Deep in the forests of India where Adivasis communities live, our partner organisations found it hard to train women as community health volunteers to provide the health education and care that isolated rural communities needed.
For young Adivasis women, walking alone and unaccompanied by a man through forests and vast tea gardens to reach tribal hamlets was unimaginable and socially unacceptable.
Skillshare International development workers, including Dr Baliga who now runs our medical electives programme, developed a comprehensive curricululm to transform local villagers into effective health workers. Their outreach work has had a huge impact on the health of their communities, reducing cases of malaria and infant mortality and improving care for women before, during and after birth.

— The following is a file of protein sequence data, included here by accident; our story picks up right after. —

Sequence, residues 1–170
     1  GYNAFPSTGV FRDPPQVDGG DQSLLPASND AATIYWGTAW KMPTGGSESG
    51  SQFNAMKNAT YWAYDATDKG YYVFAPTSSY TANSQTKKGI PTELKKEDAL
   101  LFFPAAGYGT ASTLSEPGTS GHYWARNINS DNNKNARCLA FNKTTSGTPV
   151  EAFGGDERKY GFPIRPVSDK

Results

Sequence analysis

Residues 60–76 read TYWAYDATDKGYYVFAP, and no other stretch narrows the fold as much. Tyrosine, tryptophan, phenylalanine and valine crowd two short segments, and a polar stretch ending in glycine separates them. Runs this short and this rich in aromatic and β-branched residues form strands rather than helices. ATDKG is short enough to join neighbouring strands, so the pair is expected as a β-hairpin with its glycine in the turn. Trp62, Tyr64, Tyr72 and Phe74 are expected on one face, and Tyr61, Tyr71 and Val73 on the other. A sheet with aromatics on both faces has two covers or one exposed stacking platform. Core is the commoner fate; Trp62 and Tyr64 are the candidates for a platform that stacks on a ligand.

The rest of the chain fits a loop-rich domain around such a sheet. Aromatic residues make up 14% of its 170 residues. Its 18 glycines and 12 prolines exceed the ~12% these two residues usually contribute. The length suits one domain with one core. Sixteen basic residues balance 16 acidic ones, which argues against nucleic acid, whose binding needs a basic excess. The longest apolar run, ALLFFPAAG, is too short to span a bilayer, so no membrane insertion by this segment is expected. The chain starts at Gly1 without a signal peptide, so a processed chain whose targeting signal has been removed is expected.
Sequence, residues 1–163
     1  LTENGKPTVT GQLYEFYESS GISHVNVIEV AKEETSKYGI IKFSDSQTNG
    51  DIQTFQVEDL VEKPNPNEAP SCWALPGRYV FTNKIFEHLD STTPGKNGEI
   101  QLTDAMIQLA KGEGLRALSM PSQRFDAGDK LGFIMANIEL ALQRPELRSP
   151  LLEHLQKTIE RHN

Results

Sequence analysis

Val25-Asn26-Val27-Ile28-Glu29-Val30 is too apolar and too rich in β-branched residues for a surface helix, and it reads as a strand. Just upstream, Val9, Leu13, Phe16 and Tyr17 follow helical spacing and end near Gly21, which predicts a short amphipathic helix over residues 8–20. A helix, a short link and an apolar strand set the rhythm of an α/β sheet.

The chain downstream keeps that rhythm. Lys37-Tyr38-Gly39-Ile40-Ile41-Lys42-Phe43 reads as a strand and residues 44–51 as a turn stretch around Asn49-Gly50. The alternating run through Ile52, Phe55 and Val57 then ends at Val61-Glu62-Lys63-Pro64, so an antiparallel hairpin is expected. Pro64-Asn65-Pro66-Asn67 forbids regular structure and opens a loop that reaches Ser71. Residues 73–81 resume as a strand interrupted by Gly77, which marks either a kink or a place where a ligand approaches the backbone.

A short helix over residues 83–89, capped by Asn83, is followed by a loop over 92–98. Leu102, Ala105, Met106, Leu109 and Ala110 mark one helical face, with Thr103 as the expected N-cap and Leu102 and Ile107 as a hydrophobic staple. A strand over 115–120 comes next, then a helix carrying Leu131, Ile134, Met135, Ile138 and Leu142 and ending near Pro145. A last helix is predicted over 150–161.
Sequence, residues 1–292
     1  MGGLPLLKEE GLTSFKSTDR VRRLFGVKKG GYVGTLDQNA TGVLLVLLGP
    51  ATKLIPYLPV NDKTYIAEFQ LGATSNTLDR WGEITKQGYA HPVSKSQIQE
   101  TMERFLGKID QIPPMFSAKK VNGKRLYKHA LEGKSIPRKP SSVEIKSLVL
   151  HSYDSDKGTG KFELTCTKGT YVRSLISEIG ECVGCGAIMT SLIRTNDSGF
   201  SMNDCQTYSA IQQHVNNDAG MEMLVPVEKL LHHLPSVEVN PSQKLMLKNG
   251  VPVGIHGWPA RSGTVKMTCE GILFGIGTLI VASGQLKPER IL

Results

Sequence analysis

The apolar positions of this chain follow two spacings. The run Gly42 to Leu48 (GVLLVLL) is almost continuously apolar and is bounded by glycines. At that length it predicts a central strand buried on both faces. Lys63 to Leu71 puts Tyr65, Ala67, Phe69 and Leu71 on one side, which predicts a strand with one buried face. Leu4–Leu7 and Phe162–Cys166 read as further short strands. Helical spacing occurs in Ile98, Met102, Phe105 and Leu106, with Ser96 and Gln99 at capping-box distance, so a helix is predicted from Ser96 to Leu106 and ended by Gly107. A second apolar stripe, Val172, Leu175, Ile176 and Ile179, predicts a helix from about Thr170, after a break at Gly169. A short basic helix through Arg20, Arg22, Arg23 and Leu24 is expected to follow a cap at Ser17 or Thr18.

Today, the community health programme supported by Skillshare International boasts nearly 400 Adivasis women, including Jayanti Sahu (left), who have become active change agents in their communities.
In traditional fishing villages, women are often very low in the value chain and do not have influential access to markets. Male traders control the auctioning process and women with no assets are unable to obtain the much-needed credit to run small businesses.
After the South Asian Tsunami, Skillshare International worked with local partner organisations in India to break this cycle.
Training and challenging gender stereotypes enabled women to develop the skills they needed to market and sell fresh fish.
The women from this very patriarchal society learned to drive an insulated four-wheel vehicle and were given the support to establish sturdy federations with access to bank credit so that they could sell fish in much larger quantities.
Find out more about our project supporting women in Mozambique's small-scale fishing sector.